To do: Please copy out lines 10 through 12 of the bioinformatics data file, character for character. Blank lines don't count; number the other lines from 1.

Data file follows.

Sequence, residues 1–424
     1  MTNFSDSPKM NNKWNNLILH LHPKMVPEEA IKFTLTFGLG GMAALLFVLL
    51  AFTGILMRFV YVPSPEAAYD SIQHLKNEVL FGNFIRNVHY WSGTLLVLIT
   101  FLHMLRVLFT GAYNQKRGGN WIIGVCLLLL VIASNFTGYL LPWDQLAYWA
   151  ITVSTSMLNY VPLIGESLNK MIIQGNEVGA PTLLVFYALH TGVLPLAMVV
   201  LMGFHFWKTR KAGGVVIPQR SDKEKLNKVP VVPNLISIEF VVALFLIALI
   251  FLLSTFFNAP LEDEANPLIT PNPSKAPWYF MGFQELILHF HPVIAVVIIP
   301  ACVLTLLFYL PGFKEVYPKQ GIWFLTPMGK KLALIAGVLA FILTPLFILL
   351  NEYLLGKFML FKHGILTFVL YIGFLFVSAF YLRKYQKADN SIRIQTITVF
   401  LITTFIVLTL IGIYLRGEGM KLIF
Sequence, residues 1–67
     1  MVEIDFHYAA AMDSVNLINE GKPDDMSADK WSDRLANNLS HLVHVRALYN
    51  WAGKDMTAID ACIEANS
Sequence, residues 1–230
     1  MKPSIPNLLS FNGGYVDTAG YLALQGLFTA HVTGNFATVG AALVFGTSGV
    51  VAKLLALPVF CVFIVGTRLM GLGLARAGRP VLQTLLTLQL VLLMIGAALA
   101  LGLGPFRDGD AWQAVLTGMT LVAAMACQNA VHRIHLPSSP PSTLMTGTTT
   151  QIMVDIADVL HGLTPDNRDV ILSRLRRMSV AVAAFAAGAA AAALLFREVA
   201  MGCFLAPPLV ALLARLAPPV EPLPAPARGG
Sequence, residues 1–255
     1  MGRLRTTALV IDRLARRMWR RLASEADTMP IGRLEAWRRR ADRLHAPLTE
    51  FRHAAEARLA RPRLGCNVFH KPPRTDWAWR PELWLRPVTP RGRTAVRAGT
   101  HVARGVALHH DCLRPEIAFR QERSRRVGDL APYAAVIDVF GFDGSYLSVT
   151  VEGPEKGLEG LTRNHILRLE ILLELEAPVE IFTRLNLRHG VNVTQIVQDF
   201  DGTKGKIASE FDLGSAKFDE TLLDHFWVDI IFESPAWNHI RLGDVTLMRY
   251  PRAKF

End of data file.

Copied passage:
   401  LITTFIVLTL IGIYLRGEGM KLIF
Sequence, residues 1–67
     1  MVEIDFHYAA AMDSVNLINE GKPDDMSADK WSDRLANNLS HLVHVRALYN